What Students Have to Gain From the Arts
“The simple fact is, every child in this country needs and deserves access to the subjects that go into being a well-rounded, well-educated person. Music and art; world language; physics, chemistry, and biology; social studies, civics, geography and government; physical education and health; coding and computer science – these aren’t luxuries that are just nice to have. They’re what it means to be ready for today’s world.” – U.S. Secretary of Education John B. King
Reading Brooke Haycock’s “A Tale of Two Seventh-Graders” speaks to the impact that arts education can have on a student — from increasing such academic skills as spatial reasoning and higher-level thinking to developing essential social skills like risk-taking, self-confidence, and empathy. As a music teacher in a Title I elementary school, I realize these truths with my students as they overcome adversity in group dance projects, deepen their creativity when improvising a melody on the xylophone, and grow their critical thinking skills when categorizing classical works.
Beyond a single classroom such as mine, advocates, families, educators, and policymakers committed to education equity must also remain committed to having the arts our schools.
Because low-income students often have the most to gain from an arts-rich curriculum.
A report from the National Endowment for the Arts shows that low-income students with a high level of arts experience in school are more likely to pursue college, vote, and volunteer in their community. Further, studies on socioeconomic status and the arts have found that the relationship between arts participation and academic achievement is strongest for the lowest income students. Here’s how:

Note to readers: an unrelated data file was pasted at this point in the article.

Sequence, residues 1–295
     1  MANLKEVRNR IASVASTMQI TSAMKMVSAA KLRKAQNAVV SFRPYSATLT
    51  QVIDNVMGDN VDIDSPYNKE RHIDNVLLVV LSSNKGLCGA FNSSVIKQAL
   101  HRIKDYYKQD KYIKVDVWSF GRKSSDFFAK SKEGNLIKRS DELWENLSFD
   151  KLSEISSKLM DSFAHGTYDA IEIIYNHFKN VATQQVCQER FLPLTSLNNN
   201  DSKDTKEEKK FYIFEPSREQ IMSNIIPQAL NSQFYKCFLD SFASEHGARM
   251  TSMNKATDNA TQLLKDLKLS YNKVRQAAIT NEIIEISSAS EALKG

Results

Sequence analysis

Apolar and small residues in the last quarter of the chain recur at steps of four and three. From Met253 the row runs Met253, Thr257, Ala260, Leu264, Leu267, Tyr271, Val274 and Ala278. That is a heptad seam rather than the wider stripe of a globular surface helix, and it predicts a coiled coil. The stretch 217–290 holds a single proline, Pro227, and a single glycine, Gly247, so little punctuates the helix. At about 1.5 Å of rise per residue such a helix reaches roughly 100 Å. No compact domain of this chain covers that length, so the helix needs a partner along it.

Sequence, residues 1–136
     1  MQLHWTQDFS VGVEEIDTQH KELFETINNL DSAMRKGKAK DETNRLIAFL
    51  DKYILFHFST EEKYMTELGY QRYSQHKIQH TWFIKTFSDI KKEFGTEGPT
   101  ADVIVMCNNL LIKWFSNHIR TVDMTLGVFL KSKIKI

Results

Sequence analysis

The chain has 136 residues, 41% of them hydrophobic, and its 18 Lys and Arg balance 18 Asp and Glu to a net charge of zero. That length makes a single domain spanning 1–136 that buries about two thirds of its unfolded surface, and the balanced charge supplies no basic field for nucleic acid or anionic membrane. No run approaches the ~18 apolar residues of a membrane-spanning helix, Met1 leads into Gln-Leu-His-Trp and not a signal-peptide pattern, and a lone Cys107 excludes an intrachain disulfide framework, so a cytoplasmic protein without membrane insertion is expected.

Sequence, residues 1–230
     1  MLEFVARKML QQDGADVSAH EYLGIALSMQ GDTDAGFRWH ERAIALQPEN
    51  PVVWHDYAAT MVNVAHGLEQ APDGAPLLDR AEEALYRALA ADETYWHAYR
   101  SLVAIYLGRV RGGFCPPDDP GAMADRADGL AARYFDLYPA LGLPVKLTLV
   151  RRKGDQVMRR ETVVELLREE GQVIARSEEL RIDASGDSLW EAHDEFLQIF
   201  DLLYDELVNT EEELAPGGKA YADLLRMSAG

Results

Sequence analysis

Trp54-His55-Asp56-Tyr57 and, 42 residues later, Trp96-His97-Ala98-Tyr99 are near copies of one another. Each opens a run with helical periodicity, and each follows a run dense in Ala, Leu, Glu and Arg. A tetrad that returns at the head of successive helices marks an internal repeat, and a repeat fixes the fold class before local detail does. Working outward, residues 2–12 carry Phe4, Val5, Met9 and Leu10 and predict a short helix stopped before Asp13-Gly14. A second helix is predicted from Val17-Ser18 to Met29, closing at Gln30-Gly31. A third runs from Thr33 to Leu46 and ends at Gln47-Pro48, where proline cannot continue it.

- English learners who took part in arts experiences in high school were more likely to enroll in college.
- Middle school students in drama and visual arts programs were less likely to encounter behavioral challenges or engage in risky behaviors.
- Six-year-olds from economically disadvantaged and bilingual households and enrolled in a music program had more developed auditory skills and more quickly processed language and speech than their peers who were not enrolled in a music program.
Each of these studies makes one thing quite clear: We cannot afford to lose the arts in our schools — especially high-need schools. Whether it is an eight-year-old English language learner using music to increase their language comprehension or a 12-year-old participating in after-school theater instead of getting into drama on the streets, the arts are an important piece of a child’s educational experience.
We saw it first-hand at Charles R. Drew Charter School and Graham Road Elementary School, previous recipients of our Dispelling the Myth Award. Both schools serve large percentages of low-income students and students of color, and when they received the award, both credited the integration of the arts into rigorous reading, math, and science curricula for their success in promoting critical thinking skills, teamwork, creativity, and community engagement.
The data make it clear that the arts impact students’ lives. The seventh-grader in Brooke’s piece embodies it on the brightly lit stage. Secretary King witnesses it in schools across the country. And I see it on the smiling faces and blossoming minds of students in my classroom each and every day.
Matthew Stensrud was a communications intern with Ed Trust in summer 2016. This fall, he begins his seventh year teaching music at an elementary school in Virginia.
Photo credit: Wikimedia